Root Canal Retreatment Q&A

Root Canal Retreatment Q&A

Root Canal Retreatment Specialist – Long Island Great Neck, NY: Michael Baharestani, DDS: Endodontist

What is root canal retreatment?

Root canal retreatment includes special techniques to treat a tooth that has not responded well to a previous root canal. Most root canals are successful and require no additional treatment. But sometimes, conditions like complex or unusual canal structures or a leaky sealant may allow infection to recur in the area. Root canal retreatment addresses these issues to relieve painful symptoms and maintain the integrity of the tooth.

How is root canal retreatment performed?

During retreatment, the tooth will be accessed and the area will be cleaned of debris. New filling material will be inserted and the filled area will be carefully sealed. Infection may also be treated with special medication. Sometimes, the affected area can be accessed through the lower portion of the tooth, but in other cases, it must be accessed from the top, requiring removal of the crown or other restoration you may have had following your root canal. In some cases, the root end of the tooth will need to be removed in a procedure called apioectomy. In those procedures, the root end will be accessed through a small opening in your gum which may be closed with a few sutures afterward.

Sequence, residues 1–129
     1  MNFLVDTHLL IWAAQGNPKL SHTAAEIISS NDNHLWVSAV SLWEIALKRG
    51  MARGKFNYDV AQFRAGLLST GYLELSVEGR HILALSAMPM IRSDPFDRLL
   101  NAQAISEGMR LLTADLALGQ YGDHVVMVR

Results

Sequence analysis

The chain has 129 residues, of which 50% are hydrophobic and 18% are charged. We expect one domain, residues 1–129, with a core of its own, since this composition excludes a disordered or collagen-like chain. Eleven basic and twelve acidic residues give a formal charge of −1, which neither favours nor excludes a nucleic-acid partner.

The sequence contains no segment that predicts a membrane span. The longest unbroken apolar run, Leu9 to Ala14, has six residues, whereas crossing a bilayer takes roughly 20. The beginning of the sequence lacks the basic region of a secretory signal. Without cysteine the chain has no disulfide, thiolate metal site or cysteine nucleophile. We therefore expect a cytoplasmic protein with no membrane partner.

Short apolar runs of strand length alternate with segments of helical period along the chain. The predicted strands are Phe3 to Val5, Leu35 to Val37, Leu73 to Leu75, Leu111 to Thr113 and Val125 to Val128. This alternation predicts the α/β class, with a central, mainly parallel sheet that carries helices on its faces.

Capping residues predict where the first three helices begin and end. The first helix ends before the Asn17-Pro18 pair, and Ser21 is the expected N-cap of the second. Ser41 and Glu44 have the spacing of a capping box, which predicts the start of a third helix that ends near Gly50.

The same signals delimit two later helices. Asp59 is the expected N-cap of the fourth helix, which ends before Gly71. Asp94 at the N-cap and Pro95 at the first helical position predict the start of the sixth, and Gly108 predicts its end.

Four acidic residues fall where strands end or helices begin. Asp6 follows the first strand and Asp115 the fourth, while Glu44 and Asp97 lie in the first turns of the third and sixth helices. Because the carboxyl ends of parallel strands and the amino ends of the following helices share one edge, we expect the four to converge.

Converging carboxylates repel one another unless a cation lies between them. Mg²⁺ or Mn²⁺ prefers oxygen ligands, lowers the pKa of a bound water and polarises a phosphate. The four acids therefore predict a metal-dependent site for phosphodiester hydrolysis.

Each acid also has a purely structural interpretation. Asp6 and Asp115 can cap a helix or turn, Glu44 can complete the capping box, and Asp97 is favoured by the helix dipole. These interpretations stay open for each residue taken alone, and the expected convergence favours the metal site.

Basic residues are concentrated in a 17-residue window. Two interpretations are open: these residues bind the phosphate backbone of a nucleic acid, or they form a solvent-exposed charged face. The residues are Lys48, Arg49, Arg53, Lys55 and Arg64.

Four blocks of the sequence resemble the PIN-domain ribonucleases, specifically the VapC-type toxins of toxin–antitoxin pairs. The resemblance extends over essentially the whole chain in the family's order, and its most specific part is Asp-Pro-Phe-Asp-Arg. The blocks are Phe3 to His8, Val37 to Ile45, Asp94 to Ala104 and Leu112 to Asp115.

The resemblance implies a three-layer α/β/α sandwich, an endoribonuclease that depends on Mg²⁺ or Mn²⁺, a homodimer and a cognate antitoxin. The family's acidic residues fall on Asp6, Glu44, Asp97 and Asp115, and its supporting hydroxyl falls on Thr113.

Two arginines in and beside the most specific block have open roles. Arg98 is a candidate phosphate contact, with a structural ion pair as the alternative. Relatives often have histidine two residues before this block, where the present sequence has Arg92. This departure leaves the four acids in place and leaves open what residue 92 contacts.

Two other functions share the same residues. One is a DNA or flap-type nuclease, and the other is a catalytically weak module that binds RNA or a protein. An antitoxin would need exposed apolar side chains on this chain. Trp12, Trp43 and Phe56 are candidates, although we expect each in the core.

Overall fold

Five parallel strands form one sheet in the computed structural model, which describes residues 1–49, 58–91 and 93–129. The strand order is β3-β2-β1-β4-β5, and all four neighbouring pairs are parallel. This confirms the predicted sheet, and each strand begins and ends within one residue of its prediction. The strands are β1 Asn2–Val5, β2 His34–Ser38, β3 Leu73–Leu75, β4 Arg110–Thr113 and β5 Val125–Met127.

How can I tell if I need to have a root canal retreatment?

People who require retreatment of a prior root canal procedure typically experience symptoms like pain in the tooth, especially when pressure is applied to the tooth, swollen or tender gums, or other painful symptoms. If you’re experiencing pain near a tooth that’s had a root canal, you should have the tooth evaluated to determine if retreatment is necessary or if symptoms could be occurring as a result of another issue, such as gum disease. Regardless of the cause, any painful symptoms require evaluation by a dentist

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